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A Period Piece

by John Jericiau January 30, 2012

By: John Jericiau

Many things can go awry in the last few weeks of an IVF calendar, and we’ve already hit a few hiccups. After a month of daily birth control pills, our friend (surrogate) and the egg donor were supposed to magically experience their menstruation at the same time to prepare for the fertilization of the harvested eggs, followed three days later by the implantation of our future child(ren). Instead of periods, however, we have had question marks, as in “Where the heck are the periods?” The surrogate’s blood was tested and her hormone levels were perfect—everything was going great inside even though nothing was flowing outside—so she was able to start her injectable medications as was written on the IVF calendar. The donor was another story. Her hormone levels were too low to begin her calendar, so a comma was thrown in for 2 plus days and we have to wait patiently for a retest to see if she can start her injectables. Did this mean that the donor was not taking her birth control pills religiously as instructed? We have every faith in our surrogate (friend) that she would follow any protocol as requested … that’s why we now have a 4-year-old running around. But the donor is a different story. It’s an uncontrolled variable that provides much angst to a couple of hopefully soon-to-be parentheses. We don’t know her. We do know that many women get involved in these affairs just for the money, which is not very pleasant. Actually, it’s a pain in the colon. You want them to be as invested in the outcome as you are but that may not be the upper case.

We’ve had our share of frustration as we have journeyed to fatherhood, mostly with the birthmothers “ready” to relinquish their parental rights to loving people. I had my blinders on when the woman I was matched with and dealt with for six long months arrived at LAX with my day old son Finn and (SURPRISE!) her “new” boyfriend in tow. I tried to be Zen, but as I dashed everyone back to a nearby hotel (at which time I would take Ryan home until the paperwork was to be signed two days later) I got a chill up my spine as I looked in the rear-view mirror to see the “new” boyfriend softly and lovingly stroking Finn’s forehead. He had a certain misty look in his eyes that I didn’t understand until I saw the same mistiness in mine. My story has always been that I got “the call” that she changed her mind after I had him home for 24 hours, but to be honest I knew in that car ride that things weren’t going to go as planned. I was sad. I wanted so much to greet this bundle of joy every morning with a cheerful “Hyphen!”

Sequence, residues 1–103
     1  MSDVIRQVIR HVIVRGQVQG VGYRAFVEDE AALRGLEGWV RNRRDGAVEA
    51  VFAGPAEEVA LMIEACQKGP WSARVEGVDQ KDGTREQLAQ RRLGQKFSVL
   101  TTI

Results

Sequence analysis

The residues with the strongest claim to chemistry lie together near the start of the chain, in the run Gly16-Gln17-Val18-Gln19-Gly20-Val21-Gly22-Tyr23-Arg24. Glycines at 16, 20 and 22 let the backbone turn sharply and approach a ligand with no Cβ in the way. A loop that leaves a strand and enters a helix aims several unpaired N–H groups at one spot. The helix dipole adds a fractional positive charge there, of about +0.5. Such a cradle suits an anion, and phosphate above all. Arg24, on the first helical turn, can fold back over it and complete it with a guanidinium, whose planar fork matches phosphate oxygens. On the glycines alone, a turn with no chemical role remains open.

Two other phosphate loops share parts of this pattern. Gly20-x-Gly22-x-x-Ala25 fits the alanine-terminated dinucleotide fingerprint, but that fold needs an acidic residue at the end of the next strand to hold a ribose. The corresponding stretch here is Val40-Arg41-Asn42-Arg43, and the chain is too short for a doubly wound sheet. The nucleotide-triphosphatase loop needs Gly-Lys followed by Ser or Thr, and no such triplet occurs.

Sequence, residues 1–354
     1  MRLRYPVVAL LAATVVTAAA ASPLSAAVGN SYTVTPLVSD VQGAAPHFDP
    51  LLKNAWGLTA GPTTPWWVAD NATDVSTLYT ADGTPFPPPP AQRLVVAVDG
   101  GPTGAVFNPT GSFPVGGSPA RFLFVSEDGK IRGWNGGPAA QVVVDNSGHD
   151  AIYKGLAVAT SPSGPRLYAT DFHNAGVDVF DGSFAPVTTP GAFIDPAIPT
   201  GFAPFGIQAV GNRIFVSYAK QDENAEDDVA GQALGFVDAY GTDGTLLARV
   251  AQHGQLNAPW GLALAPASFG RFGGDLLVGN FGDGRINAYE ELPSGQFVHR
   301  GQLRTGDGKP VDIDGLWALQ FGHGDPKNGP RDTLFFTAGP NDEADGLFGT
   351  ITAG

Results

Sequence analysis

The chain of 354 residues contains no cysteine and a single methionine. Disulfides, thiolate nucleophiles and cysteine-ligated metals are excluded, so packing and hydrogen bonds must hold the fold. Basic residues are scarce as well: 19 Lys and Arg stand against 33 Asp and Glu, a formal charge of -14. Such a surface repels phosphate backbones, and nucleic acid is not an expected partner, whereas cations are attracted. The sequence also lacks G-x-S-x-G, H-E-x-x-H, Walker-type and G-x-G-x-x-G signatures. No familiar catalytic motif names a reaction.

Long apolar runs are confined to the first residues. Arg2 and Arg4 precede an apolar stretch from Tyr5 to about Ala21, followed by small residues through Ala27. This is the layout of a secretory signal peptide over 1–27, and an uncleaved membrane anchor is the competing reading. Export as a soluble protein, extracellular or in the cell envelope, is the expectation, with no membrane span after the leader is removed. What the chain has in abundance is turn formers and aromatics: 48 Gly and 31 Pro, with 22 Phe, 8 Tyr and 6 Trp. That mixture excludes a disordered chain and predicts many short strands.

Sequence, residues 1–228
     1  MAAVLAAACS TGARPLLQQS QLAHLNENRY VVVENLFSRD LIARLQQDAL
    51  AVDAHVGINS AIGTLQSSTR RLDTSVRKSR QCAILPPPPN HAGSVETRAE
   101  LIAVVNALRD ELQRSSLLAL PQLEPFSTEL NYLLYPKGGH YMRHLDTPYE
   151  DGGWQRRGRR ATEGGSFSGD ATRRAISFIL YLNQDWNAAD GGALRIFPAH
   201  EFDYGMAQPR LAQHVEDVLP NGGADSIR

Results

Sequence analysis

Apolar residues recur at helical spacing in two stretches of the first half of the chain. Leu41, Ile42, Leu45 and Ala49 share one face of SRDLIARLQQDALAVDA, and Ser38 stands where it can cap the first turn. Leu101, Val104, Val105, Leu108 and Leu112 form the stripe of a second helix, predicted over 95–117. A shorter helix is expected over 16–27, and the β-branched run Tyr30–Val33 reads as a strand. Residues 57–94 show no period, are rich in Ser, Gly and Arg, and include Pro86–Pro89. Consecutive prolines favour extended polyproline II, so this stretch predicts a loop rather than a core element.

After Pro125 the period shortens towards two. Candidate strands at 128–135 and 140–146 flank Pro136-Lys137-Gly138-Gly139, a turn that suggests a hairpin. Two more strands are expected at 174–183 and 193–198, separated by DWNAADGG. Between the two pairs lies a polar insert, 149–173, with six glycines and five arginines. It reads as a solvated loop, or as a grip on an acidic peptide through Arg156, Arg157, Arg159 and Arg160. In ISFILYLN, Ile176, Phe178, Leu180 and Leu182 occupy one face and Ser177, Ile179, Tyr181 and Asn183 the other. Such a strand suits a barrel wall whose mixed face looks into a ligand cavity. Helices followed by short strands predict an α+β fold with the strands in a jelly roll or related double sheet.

Even though Alen and I should have seen the red flags waving in our faces as we journeyed as a couple, we didn’t. Like the woman from Las Vegas who picked us. She was supposed to travel by plane to Los Angeles so the OB we chose for the birth could checked her out. After the plane arrived without her in it, we got a call from her father saying she had been arrested at the Vegas airport for something that was never disclosed to us. After promising us a repeat try at flying to us, maybe she could hear the hesitation in our voice on the phone because she poured it on and told us nice things that we wanted to hear (“I’m very healthy!” “This baby is meant for you!”), but then some odd and puzzling things. After learning that Alen is Armenian, she blurted out for the first time “The birthfather of this baby is from Persia!” And even though we knew that there is no real Persia and the word Persia had stopped being used in the Middle East around 1935 (it’s primarily Iran and Afghanistan now), we pressed on with her and even foolishly agreed to give more “medical expense” support money in advance. “If I were you, I’d be getting me to every doctor in Vegas”, she exclaimed! It turned out to be the most accurate thing she said to us. When we (Southwest Airlines actually) finally did get her to California and our OB, we quickly got the results of her medical screening on a pair of graphs: positive for methamphetamine use. We had to put it to her in no uncertain terms: You’re killing your baby! You’ve been lying to us! It’s over! Period! Paragraph! End of sentence!

The post A Period Piece appeared first on The Next Family.

John Jericiau
John Jericiau


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